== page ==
WildSide Teaser Trailer

About WildSide


WildSide is a series designed for PBS exploring National Parks and Protected Places from the United States to far off regions of the world examining the science, the economics, and the emotions of preservation. The name represents not just the wild environments of our planet, but that place in all of us that longs to follow our inner free spirit – our wild side. 

Nick Mollé shares his love of storytelling and passion for biology to investigate and prove the statement “If we show people the most beautiful places in the world, they will want to protect them.” With a hefty dose of science and a touch of humor, Nick engages the help of local experts in each location. Exploring on foot, land vehicles, airplanes and boats brings the viewer along with a sense of awe and inspiration reinforcing the relevance of a natural environment. 

Motion Picture Industry distribution manager John Wade says;

”Nick Mollé films are vastly superior!...

it’s difficult to find better outdoor films on television today.”

 

WildSide Australia:Australia's Northern Territory Teaser Trailer

Episode One: WildSide AustraliaAustralia's Northern Territory 

Thousands of square kilometers have already been destroyed by changing sea levels in these wildlife rich flood plains east of Darwin. Higher salinity levels reach further and further into the marshes and billabongs. This is home to hundreds of species of birds and numerous other animals including the notorious saltwater or estuarine crocodiles that also brandish another official name, “man-eating crocodiles”.

Nick connects with Kat, an incomparable guide who happens not to be Australian but Scottish. Together they explore and discuss the habitats of painfully cute wallabies, termites or as Kat says, “tairmites”, countless birds, the introduced brumbies and water buffalo as well as the ubiquitous crocodiles. Kat teaches Nick a few local traditions like munching on tasteless bush apples and licking the butts of aggressive biting ants – with actual medicinal value.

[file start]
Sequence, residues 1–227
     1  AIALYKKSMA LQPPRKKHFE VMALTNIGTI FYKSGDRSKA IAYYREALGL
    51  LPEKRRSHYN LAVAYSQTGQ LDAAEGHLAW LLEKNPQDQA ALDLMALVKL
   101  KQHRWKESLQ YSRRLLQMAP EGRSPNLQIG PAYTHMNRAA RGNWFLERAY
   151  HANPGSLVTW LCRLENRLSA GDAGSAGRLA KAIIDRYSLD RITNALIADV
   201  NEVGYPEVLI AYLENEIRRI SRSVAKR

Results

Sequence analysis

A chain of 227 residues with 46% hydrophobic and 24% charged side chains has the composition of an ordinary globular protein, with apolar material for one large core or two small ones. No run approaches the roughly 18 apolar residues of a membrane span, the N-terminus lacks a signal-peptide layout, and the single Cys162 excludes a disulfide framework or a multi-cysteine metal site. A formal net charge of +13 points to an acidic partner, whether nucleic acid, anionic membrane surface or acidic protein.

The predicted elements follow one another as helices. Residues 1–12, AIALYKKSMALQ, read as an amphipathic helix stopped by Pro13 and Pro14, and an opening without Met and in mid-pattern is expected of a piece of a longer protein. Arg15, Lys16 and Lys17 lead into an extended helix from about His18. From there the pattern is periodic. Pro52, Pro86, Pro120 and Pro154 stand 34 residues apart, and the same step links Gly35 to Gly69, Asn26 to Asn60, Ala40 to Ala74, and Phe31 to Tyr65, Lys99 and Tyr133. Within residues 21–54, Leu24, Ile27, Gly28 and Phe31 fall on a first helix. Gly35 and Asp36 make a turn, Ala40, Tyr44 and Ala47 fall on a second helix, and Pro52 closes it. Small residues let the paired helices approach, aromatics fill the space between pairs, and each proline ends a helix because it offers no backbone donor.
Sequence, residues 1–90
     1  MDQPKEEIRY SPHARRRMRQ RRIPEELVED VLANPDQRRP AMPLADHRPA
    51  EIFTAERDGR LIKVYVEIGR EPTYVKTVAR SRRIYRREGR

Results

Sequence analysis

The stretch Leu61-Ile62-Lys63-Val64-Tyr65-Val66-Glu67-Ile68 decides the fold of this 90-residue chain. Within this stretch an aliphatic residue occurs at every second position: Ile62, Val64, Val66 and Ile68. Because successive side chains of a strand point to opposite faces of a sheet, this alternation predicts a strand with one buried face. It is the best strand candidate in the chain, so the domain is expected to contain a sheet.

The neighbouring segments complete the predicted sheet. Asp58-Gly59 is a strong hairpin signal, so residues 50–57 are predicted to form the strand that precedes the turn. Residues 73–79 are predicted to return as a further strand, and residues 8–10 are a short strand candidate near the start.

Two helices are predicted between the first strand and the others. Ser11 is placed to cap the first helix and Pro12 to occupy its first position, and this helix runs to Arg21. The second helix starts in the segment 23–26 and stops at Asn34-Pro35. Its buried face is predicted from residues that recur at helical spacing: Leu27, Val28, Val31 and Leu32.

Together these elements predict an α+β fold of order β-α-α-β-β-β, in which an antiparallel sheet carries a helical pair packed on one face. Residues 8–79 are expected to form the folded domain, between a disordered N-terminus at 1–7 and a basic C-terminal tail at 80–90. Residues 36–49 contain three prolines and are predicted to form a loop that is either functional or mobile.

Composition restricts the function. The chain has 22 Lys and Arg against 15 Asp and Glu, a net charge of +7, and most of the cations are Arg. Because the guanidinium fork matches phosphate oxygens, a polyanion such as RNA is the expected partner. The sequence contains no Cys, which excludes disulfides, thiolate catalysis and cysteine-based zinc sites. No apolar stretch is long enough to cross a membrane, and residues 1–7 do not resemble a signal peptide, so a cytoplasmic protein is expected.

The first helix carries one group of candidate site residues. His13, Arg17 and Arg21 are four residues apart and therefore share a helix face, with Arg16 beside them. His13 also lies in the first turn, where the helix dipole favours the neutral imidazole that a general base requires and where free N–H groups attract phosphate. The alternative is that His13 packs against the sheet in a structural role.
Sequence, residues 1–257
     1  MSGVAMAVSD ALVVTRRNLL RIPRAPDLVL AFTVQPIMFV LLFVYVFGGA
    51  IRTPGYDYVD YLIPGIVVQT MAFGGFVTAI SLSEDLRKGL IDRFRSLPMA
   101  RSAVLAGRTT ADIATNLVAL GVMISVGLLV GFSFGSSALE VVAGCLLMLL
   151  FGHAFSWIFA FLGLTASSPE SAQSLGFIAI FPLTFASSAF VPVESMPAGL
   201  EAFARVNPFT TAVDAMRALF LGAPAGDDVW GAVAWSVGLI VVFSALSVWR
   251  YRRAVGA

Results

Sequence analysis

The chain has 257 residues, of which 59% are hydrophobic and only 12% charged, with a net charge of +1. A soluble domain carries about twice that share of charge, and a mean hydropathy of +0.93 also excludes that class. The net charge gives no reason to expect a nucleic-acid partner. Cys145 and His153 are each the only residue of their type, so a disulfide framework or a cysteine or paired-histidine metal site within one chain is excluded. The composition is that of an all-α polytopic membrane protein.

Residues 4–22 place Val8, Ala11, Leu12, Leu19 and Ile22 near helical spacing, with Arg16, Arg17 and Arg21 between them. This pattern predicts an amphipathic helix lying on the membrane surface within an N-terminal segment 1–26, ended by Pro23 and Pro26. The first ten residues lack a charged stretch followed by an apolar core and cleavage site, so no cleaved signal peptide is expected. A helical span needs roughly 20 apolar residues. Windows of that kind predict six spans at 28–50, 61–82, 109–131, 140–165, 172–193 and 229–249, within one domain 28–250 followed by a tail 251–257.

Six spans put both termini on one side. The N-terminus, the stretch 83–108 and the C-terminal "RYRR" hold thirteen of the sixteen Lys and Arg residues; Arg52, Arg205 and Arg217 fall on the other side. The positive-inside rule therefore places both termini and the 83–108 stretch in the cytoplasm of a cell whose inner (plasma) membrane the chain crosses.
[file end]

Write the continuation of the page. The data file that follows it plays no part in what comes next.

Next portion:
As we revel in this unique fascinating ecosystem, we listen to the scientists who remind us that as the climate changes so does the evolving coastal water encroachment. As salinity rapidly evolves some life will suffer and some like the man-eating crocs will thrive at least temporarily.

 

Episode Two: WildSide Australia: Arnhem Land and Kakadu National Park

We are permitted to visit Australia’s spiritually sensitive Arnhem Land. Here our guide Haimish introduces Nick to Wilfred, an indigenous tribal leader. We learn not only to speak slowly but to listen slowly as Wilfred and elder Jacob reveal how little we understand about this civilization—a civilization in a serious modern-day crisis involving cultural crossroads, crossroads where traditional burning now must be studied as rising temperatures can tip the balance with devastating consequences. Scientists point to what happened in another part of the continent in 2019.

Local legend, Sab Lord “appears” in the wilderness among the cliff drawings and expresses his powerful environmental philosophy. Sab, a buffalo hunter, rancher, and man of the earth “tough guy”, has given his family ranchland back to the aboriginal tribes and dedicates his life to assisting the native people who helped raise him.